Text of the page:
A Federated Design for a Neurobiological Simulation Engine: The CBI Federated Software ArchitectureReport as inadecuate




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Simulator interoperability and extensibility has become a growing requirement in computational biology. To address this, we have developed a federated software architecture. It is federated by its union of independent disparate systems under a single cohesive view, provides interoperability through its capability to communicate, execute programs, or transfer data among different independent applications, and supports extensibility by enabling simulator expansion or enhancement without the need for major changes to system infrastructure. Historically, simulator interoperability has relied on development of declarative markup languages such as the neuron modeling language NeuroML, while simulator extension typically occurred through modification of existing functionality. The software architecture we describe here allows for both these approaches. However, it is designed to support alternative paradigms of interoperability and extensibility through the provision of logical relationships and defined application programming interfaces. They allow any appropriately configured component or software application to be incorporated into a simulator. The architecture defines independent functional modules that run stand-alone. They are arranged in logical layers that naturally correspond to the occurrence of high-level data biological concepts versus low-level data numerical values and distinguish data from control functions. The modular nature of the architecture and its independence from a given technology facilitates communication about similar concepts and functions for both users and developers. It provides several advantages for multiple independent contributions to software development. Importantly, these include: 1 Reduction in complexity of individual simulator components when compared to the complexity of a complete simulator, 2 Documentation of individual components in terms of their inputs and outputs, 3 Easy removal or replacement of unnecessary or obsoleted components, 4 Stand-alone testing of components, and 5 Clear delineation of the development scope of new components.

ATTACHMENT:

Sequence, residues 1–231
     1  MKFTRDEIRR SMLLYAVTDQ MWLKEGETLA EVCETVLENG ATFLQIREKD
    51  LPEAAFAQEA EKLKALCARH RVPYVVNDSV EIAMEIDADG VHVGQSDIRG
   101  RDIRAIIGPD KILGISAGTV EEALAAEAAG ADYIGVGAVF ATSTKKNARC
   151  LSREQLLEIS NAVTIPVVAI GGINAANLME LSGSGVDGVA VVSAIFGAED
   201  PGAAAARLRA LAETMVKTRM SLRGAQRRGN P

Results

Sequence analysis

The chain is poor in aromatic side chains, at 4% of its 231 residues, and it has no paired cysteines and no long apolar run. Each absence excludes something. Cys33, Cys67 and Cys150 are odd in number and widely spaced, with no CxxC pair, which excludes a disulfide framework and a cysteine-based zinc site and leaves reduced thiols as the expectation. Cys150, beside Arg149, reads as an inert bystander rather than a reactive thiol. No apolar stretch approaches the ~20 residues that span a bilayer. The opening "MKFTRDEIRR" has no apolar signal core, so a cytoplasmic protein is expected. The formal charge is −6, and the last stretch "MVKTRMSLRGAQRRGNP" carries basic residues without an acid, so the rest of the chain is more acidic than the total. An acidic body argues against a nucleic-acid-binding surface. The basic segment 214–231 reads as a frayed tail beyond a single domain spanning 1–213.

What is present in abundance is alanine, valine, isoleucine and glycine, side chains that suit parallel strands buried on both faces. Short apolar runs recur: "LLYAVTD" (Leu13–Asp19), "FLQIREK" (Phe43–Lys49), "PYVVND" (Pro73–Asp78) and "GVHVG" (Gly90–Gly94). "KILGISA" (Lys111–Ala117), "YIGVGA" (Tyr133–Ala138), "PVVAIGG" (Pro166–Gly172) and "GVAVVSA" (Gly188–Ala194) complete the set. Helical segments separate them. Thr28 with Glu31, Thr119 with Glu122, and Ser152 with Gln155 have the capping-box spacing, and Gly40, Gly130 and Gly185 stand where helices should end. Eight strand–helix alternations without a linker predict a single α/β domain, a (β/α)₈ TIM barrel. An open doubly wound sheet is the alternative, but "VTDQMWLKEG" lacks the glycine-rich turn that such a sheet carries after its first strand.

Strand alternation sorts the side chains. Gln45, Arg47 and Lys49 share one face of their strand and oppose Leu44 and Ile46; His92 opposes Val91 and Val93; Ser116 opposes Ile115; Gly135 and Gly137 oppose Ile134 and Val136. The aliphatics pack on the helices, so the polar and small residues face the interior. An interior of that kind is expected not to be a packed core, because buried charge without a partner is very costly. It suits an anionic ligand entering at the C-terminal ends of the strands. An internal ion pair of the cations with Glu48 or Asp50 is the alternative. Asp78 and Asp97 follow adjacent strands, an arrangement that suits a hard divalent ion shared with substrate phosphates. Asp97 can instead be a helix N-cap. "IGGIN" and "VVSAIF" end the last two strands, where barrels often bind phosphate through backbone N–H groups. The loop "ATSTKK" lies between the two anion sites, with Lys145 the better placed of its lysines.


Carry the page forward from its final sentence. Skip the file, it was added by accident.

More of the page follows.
Author: Hugo Cornelis , Allan D. Coop, James M. Bower

Source: http://plos.srce.hr/



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